Good moaning: my favourite zombie games

It’s Zombie Awareness Month so we’re talking all things undead. Following on from Monday’s look into why we find the living dead so fascinating, on Wednesday we shared the best survival advice to get us through the coming apocalypse.

But we haven’t even talked about video games properly yet! There are currently over 1,400 titles listed under the Zombies tag on Steam right now so there are plenty of them to discuss. Although the majority fall into the action or horror genres and these aren’t ones I’d usually go to myself, this doesn’t mean I haven’t played my fair share of games where the undead make an appearance. My final zombie-related post for this month’s celebration features a few of my favourite releases, some you may not expect.

Corpse Killer

I really enjoy full-motion video (FMV) games but I’d never heard of Corpse Killer until it was kindly gifted to me by Ellen from Ace Asunder in March. It definitely comes under the so-bad-it’s-good category that’s the standard for FMV releases from the 1990s: hammy acting, cheesy lines, an unconvincing female character thrown in as a love-interest and plenty of badly-dressed actors. It looks like a bunch of extras turned up on the day not knowing what they were going to get into, and it’s perfect.

Dead Rising

Dead Rising is great for several reasons. Not only does it take place in a shopping mall, a location which features in many an apocalypse fantasy, but it teaches us that any object can be used as a weapon during such dire times. Grab a baseball bat, bass guitar or a lawn mower – and make sure you’re wearing the Servbot Mask while you’re doing it. It might sound like a comedy, but the fact that the game must be completed in 72-hours (six hours in real time) adds to the pressure and keeps you on edge.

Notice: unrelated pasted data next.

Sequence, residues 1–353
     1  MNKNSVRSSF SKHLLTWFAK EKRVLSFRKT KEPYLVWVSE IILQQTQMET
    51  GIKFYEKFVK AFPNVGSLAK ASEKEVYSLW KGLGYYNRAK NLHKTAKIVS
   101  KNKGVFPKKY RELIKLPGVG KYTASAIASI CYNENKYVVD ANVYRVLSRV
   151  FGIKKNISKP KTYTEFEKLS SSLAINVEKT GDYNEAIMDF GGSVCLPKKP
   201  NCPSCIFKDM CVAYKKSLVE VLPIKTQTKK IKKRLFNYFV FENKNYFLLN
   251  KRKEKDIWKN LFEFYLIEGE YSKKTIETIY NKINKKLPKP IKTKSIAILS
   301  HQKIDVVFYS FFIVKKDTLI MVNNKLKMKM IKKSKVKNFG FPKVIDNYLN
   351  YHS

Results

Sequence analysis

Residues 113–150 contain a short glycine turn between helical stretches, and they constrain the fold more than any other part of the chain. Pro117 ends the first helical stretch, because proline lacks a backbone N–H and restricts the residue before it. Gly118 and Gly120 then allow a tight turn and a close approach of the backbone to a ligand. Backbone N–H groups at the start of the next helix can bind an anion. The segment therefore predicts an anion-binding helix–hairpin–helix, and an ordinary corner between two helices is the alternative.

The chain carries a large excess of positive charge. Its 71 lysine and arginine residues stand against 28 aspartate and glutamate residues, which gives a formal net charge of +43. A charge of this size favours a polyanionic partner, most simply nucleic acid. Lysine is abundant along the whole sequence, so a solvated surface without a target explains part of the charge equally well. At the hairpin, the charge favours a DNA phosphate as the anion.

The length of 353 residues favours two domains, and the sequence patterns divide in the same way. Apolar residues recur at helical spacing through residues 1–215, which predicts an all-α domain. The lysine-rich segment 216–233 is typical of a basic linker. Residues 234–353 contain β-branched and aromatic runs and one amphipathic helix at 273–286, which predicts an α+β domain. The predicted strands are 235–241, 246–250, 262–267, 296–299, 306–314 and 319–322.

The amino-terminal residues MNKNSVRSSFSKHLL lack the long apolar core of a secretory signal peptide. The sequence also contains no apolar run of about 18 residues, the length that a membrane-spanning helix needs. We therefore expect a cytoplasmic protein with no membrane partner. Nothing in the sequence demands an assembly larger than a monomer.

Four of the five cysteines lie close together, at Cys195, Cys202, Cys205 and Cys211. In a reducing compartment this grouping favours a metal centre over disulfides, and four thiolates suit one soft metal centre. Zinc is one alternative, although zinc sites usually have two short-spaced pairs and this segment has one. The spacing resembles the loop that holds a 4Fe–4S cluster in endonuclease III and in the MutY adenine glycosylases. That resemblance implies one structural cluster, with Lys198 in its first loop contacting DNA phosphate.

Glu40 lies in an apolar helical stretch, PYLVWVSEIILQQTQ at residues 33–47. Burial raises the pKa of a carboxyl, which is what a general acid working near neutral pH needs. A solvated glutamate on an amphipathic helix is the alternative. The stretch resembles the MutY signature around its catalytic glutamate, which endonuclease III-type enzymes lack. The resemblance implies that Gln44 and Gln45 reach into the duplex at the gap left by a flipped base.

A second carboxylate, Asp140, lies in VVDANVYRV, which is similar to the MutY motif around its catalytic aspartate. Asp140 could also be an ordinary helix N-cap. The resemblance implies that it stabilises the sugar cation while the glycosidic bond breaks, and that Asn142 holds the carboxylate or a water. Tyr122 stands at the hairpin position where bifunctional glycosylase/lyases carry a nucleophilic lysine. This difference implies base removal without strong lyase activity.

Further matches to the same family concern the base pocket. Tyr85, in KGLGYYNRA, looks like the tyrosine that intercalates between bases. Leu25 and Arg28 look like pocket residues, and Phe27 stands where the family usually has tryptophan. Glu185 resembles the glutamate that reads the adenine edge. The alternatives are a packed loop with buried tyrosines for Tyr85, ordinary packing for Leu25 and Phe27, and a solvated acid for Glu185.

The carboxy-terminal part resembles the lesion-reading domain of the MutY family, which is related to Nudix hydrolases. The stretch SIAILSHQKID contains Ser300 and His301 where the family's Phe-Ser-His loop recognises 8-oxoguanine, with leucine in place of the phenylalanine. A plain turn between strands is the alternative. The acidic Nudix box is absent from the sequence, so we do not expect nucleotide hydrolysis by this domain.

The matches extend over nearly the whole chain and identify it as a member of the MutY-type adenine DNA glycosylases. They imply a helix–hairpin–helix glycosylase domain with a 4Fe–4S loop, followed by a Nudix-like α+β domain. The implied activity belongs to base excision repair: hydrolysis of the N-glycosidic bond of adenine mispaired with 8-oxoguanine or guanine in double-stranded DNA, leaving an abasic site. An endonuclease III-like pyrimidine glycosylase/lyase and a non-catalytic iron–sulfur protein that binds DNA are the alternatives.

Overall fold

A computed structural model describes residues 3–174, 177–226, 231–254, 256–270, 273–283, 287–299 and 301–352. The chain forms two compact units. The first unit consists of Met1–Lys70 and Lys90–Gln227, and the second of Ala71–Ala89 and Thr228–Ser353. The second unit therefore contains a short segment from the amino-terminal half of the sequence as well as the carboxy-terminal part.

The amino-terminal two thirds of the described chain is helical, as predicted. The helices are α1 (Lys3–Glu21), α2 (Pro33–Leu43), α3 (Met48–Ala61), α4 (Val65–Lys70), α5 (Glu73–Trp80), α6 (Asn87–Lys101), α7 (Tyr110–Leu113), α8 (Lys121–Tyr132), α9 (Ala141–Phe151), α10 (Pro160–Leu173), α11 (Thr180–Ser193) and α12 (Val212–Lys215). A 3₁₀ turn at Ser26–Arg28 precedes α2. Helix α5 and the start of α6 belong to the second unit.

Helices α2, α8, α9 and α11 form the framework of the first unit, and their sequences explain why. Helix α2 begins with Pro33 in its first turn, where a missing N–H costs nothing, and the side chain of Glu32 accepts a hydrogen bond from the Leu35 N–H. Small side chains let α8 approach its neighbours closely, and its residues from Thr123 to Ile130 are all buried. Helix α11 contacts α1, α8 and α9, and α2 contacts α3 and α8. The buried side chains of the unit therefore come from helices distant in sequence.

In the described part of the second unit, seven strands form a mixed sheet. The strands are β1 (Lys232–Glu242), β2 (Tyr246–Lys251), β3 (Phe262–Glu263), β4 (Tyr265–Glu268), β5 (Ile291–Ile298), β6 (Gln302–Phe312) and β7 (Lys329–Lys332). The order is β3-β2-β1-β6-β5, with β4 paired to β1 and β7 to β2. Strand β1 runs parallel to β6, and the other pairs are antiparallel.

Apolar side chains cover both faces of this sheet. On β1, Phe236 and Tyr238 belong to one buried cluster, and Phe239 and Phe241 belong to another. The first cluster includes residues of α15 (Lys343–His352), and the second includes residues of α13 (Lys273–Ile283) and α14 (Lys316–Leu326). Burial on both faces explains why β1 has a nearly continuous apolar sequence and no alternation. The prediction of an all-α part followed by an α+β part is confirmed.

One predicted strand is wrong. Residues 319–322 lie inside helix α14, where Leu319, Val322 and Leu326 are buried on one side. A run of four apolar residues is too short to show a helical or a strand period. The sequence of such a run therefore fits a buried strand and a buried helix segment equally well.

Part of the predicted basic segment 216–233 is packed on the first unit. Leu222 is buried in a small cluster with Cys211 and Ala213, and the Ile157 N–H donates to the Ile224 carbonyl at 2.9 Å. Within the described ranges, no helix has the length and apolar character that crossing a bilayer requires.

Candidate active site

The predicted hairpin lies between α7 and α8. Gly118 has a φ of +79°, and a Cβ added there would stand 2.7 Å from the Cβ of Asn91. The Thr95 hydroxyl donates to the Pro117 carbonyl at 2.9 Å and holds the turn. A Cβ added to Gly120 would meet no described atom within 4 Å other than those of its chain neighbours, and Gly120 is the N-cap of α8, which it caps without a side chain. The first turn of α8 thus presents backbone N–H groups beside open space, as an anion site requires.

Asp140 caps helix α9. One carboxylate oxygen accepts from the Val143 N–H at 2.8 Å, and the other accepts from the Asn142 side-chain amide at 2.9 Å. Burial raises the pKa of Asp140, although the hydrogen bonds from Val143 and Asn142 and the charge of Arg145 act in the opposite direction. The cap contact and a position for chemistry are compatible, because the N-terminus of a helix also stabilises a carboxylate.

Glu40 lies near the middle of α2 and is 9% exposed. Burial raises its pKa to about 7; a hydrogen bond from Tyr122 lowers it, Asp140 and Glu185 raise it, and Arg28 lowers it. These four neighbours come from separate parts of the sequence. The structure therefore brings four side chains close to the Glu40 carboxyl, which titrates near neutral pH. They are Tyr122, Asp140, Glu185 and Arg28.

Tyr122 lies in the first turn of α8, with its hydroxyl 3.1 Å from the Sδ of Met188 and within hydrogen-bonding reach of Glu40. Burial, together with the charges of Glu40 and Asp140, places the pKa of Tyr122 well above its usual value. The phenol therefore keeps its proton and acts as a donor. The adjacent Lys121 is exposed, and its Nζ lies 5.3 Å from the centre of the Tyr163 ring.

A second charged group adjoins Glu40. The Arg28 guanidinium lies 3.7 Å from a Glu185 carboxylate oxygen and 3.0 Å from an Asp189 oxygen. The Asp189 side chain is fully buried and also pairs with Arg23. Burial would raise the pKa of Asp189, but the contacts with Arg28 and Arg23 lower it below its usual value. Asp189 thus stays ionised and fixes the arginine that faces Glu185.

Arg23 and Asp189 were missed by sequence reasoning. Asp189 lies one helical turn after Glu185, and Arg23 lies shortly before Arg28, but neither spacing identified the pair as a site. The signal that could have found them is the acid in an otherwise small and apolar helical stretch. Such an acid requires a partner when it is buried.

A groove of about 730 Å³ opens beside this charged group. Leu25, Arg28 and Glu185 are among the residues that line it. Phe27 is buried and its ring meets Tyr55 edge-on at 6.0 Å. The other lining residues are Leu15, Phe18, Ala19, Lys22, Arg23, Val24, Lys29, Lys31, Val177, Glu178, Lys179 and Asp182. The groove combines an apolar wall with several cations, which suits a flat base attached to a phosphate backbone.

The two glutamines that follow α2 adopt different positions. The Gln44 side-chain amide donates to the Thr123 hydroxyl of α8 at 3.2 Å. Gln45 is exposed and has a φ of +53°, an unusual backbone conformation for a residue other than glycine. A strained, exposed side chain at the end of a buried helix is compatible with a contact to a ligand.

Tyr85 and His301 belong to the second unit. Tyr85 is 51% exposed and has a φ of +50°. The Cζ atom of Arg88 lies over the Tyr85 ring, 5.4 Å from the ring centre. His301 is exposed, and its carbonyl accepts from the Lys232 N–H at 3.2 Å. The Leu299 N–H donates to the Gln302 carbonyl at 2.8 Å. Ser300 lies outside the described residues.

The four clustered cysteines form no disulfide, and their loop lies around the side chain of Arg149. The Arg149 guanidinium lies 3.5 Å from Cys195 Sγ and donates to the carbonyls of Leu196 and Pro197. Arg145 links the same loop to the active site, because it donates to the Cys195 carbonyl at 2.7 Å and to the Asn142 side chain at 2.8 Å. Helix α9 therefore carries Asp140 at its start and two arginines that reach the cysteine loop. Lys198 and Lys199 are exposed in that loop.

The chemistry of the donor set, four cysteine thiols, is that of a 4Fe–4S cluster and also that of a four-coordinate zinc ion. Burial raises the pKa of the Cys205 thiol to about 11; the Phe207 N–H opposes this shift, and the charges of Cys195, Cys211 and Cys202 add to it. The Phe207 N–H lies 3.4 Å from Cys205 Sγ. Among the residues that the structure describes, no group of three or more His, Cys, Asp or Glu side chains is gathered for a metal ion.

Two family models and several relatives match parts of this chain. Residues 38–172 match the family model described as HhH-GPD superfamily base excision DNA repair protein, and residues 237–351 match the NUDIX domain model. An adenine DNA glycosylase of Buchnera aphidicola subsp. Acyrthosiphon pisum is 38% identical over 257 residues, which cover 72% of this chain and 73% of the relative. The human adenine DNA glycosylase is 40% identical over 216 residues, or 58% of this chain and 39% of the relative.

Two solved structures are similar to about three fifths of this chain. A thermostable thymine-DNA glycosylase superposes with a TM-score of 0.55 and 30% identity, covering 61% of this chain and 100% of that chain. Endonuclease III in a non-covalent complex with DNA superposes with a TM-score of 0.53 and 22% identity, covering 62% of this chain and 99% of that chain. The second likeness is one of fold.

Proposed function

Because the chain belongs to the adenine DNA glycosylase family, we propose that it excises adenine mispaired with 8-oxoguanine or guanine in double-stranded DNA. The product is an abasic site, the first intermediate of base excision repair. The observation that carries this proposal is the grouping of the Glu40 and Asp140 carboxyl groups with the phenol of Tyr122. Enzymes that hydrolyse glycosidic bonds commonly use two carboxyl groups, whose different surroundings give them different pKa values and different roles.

Monkey Island 2: LeChuck’s Revenge

LeChuck has been killed so many times during the Monkey Island series that it’s difficult to keep track of his deaths. But this doesn’t stop him and he just keeps on fighting: knock him down and he’ll get right back up again in the form of a ghost, zombie, demon or even god. He’s constantly getting blown up both mentally and physically, and yet he keeps coming back for more. This sign of resilience and determination is surely the mark of a true protagonist and shows us that real heroes never quit.

Resident Evil 7: Biohazard

I love the way Resident Evil 7 uses flashbacks to flesh out its story because it’s not as simple as sitting back and watching a cutscene. Ethan comes across VHS tapes that can be played using VCRs around the Baker family’s plantation; and ‘played’ is exactly what I mean, as you’re able to relive and control the events of the footage you witness. This mechanic not only offers insight into people other than the protagonist and reveal sinister secrets about the Bakers but also provides some excellent gameplay.

Strange Brigade